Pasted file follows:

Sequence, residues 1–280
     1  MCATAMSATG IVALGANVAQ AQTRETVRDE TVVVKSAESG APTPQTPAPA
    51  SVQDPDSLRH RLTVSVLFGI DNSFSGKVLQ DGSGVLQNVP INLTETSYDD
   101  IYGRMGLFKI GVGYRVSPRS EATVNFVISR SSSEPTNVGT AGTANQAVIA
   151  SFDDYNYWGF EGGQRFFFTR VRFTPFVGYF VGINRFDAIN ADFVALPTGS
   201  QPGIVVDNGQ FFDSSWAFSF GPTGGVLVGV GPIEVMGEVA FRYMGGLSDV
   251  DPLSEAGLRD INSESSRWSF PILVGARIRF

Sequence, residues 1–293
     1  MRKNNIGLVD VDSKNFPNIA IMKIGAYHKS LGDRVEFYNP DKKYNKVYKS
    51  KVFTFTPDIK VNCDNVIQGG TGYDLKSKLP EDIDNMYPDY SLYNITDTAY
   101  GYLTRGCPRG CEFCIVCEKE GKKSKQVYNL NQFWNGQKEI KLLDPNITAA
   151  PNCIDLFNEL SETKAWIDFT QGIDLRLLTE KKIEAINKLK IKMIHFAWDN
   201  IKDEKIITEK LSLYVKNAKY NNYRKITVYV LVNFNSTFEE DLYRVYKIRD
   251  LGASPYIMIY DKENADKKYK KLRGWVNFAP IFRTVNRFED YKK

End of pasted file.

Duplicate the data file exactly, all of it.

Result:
Sequence, residues 1–280
     1  MCATAMSATG IVALGANVAQ AQTRETVRDE TVVVKSAESG APTPQTPAPA
    51  SVQDPDSLRH RLTVSVLFGI DNSFSGKVLQ DGSGVLQNVP INLTETSYDD
   101  IYGRMGLFKI GVGYRVSPRS EATVNFVISR SSSEPTNVGT AGTANQAVIA
   151  SFDDYNYWGF EGGQRFFFTR VRFTPFVGYF VGINRFDAIN ADFVALPTGS
   201  QPGIVVDNGQ FFDSSWAFSF GPTGGVLVGV GPIEVMGEVA FRYMGGLSDV
   251  DPLSEAGLRD INSESSRWSF PILVGARIRF

Sequence, residues 1–293
     1  MRKNNIGLVD VDSKNFPNIA IMKIGAYHKS LGDRVEFYNP DKKYNKVYKS
    51  KVFTFTPDIK VNCDNVIQGG TGYDLKSKLP EDIDNMYPDY SLYNITDTAY
   101  GYLTRGCPRG CEFCIVCEKE GKKSKQVYNL NQFWNGQKEI KLLDPNITAA
   151  PNCIDLFNEL SETKAWIDFT QGIDLRLLTE KKIEAINKLK IKMIHFAWDN
   201  IKDEKIITEK LSLYVKNAKY NNYRKITVYV LVNFNSTFEE DLYRVYKIRD
   251  LGASPYIMIY DKENADKKYK KLRGWVNFAP IFRTVNRFED YKK